When Timothy’s mother bought the microwave, his father insisted they wear tin foil hats to protect their brains. Timothy, ever his father’s son, went one step further: he lined the whole thing with foil.
After the funeral they brought out baked potatoes, hot from the oven. As it should be.
Gaynor Jones is a writer of micro, flash and short stories from Manchester, UK.
Holly never cooked or prepared anything, so when I found some eggs pickling in a jar in her kitchen I was surprised.
“What’s with the eggs?” I asked.
“Just tryin’ something out,” she replied.
I didn’t have the heart to tell her you’re not supposed to leave the shells on.
“Take one more step and I draw.”
Six years old, he carried a toy gun and barked commands at everyone within earshot. Most days, I ignored him. I really couldn’t blame him. At his age, I’d done the same thing.
I really should have listened. That bullet nearly hit me.
Susan Gale Wickes is from Indiana. She spends her days writing poetry, short stories, songs, and the occasional cartoon caption.
Black as night and as silent as the rain he slipped over the rooftop edge.
Descending the building, he closed in on his target. Reaching the window, he peered inside and reached for his gun.
A woman appeared and the window swung open.
As silent as the rain, he fell.
Life knocks us all off a window ledge from time to time.
The shadow worshipers performed their unholy rituals, but when the lunar eclipse came, nothing happened.
Confused and crestfallen, they looked to the elderly shaman, who was already riffling through the pages of his grimoire.
After rereading the ancient texts, he suggested they try again, next time under a solar eclipse.
Pontius Paiva sacrifices sleep and sanity to appease the writing gods. Visit pontiuspaiva.com
to find out if the spirits of storytelling reward him with the gift of publication.
I was working my way through the wedding checklist, making sure I had thought of, paid for, and arranged everything.
Cars, reception venue, meal, gifts. I’d cracked it. A job well done… and with days to spare!
Now I just needed to find someone to marry.
Jon is an aspiring writer from the North West of England, currently boring himself to tears working in local government. He is looking forward to getting wed himself in the next month, but fears his own checklist is never ending… You can read more of his ramblings on the new web presence he has finally gotten round to creating at writingsonthewall645.wordpress.com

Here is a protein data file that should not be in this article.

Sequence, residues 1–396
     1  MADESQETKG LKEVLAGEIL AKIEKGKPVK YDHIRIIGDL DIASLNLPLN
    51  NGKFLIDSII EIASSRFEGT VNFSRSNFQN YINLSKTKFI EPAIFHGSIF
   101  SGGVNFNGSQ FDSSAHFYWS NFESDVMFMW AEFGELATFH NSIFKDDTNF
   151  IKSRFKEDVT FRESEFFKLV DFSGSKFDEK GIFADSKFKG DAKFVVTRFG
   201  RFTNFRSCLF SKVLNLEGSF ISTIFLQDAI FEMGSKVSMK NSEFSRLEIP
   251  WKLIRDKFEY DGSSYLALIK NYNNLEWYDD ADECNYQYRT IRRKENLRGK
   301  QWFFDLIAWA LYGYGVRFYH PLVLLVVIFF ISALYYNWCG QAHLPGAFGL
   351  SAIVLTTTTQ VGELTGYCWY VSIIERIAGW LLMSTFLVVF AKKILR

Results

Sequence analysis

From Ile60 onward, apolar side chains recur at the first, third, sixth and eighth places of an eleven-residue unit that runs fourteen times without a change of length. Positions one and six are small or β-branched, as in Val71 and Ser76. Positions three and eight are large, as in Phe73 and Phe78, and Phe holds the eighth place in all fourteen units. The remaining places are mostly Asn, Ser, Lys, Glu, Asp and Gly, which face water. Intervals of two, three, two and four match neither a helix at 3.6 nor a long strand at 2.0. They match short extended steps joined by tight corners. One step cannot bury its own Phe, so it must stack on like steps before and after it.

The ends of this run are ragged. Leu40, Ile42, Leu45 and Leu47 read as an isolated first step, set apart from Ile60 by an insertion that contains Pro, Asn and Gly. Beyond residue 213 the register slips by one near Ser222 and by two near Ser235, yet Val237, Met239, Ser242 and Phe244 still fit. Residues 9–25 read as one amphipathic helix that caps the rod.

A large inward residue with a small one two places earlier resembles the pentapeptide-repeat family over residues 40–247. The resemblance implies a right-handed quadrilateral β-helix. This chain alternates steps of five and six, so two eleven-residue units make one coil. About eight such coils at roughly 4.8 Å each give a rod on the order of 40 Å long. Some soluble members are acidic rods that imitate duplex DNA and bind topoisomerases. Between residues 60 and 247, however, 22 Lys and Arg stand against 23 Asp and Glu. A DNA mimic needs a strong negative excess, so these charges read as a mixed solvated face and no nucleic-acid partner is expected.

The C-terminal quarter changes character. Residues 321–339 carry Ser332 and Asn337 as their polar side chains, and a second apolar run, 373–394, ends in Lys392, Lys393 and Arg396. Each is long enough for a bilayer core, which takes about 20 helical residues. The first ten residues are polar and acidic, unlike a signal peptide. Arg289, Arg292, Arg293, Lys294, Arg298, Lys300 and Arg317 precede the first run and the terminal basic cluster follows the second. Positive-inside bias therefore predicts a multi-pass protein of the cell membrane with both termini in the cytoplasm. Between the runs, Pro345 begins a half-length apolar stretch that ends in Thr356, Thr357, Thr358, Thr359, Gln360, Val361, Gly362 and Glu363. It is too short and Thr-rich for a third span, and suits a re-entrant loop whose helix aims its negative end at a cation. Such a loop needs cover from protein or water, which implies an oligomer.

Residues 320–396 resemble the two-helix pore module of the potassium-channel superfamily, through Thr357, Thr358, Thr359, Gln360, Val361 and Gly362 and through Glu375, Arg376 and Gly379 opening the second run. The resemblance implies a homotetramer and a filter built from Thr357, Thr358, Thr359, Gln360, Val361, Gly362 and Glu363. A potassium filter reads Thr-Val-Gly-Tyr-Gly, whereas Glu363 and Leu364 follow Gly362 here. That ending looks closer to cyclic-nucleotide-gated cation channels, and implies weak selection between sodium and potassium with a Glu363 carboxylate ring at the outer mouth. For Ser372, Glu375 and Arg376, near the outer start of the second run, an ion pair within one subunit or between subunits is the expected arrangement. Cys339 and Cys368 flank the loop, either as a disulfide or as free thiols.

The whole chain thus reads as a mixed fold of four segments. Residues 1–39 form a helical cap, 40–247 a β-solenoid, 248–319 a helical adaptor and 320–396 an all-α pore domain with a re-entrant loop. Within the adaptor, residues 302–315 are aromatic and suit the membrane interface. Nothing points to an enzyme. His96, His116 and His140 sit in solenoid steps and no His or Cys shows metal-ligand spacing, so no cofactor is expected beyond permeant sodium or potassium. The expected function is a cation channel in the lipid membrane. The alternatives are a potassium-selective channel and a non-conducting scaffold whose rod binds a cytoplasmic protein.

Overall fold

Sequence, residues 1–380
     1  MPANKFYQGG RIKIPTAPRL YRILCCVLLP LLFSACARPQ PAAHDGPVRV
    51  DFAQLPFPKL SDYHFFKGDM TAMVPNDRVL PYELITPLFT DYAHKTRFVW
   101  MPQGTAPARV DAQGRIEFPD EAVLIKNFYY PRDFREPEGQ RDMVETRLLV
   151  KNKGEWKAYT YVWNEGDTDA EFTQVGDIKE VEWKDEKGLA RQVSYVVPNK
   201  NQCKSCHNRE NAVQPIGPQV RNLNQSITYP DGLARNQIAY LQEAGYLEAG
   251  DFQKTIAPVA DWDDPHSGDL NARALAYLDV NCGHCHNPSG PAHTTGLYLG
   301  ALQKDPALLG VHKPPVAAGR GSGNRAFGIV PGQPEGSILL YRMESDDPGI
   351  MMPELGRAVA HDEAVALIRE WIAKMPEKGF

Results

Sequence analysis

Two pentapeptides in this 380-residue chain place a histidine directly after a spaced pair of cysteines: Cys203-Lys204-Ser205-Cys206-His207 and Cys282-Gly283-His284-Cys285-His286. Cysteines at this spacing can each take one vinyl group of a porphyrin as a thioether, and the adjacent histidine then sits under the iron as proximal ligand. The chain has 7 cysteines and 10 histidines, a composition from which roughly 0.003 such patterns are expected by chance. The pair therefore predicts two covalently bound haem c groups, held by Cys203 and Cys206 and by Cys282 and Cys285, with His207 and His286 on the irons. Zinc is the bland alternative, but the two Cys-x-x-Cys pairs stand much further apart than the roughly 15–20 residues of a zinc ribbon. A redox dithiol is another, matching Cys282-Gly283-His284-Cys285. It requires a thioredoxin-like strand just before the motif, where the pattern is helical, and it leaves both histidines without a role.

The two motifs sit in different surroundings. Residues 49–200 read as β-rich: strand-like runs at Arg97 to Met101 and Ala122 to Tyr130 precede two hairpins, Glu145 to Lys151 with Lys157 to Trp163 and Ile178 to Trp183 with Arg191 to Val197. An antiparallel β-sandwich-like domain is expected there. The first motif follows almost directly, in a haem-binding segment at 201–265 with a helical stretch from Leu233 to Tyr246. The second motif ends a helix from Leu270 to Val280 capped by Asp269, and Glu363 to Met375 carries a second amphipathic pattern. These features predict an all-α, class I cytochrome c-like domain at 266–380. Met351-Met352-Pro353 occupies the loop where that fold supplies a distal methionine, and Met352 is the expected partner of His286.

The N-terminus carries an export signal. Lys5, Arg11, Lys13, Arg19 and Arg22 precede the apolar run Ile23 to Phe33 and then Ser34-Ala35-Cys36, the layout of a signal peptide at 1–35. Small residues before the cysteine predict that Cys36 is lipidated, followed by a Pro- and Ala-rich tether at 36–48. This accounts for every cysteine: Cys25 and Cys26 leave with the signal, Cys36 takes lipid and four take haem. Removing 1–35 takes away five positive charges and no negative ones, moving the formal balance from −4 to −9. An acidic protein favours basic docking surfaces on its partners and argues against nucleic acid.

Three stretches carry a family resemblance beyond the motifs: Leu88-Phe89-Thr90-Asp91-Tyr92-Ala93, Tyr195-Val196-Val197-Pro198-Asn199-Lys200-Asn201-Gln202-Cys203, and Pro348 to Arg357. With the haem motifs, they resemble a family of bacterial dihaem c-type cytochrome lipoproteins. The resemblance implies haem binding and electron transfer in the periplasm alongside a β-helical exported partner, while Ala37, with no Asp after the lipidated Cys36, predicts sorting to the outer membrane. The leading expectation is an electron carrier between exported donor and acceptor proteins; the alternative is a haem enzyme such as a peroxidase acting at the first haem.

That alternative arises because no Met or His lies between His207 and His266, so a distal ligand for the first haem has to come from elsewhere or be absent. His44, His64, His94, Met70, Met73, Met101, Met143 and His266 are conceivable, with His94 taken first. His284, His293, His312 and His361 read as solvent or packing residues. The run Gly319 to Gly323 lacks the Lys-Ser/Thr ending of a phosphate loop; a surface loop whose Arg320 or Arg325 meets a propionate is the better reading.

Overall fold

Sitting alone on the plane, a pretty girl came and sat next to me. We immediately fell in love at first sight. At the end of the holiday we were really close and exchanged numbers.
Back home, I called her.
“My wife is in the shower,” said a masculine voice.
Negin Aghajari wrote this story.
For full access to its content and special features, a website required Roy to key in a specific alphanumeric sequence to prove he was not a robot. After several failed attempts to decipher the blurry, unintelligible squiggles, he gave up.
Roy’s android assistant got it right on the first try.
John H. Dromey has had short fiction published in Alfred Hitchcock’s Mystery Magazine, Crimson Streets, Stupefying Stories Showcase, and elsewhere.
Montgomery Jackson’s luck ran out when, at the annual manoeuvres, and in front of the new Commander, he proudly showcased the new guerrilla tactics he had developed.
Charging headlong at the enemy whilst bellowing, hurling vegetation and beating one’s chest like a dominant Silverback was simply not the done thing.
From the North West of England and currently working in local government, Jon likes to write and be creative. He is inspired by flash fiction and other short works, and is regularly blown away by the high standard of 50-word offerings on this site.
It wasn’t really a bad thing. Well, okay. So maybe it was.
No one got hurt, though. Alright, so maybe a couple.
I’m sure it was nothing that was my fault. I followed the internet instructions to a tee.
The still was most likely defective.
It was a small explosion.
Gordon Lysen resides in Manitoba, Canada and spends his time between the city of Winnipeg and his true home at Sugar Point on Lake Manitoba. Retired from police work after some 27 years, Gordon co-authored the novel “A Deadly Blend of Souls” with his wife, Lisa. Writing and painting are Gordon’s relaxation methods when retirement becomes too stressful.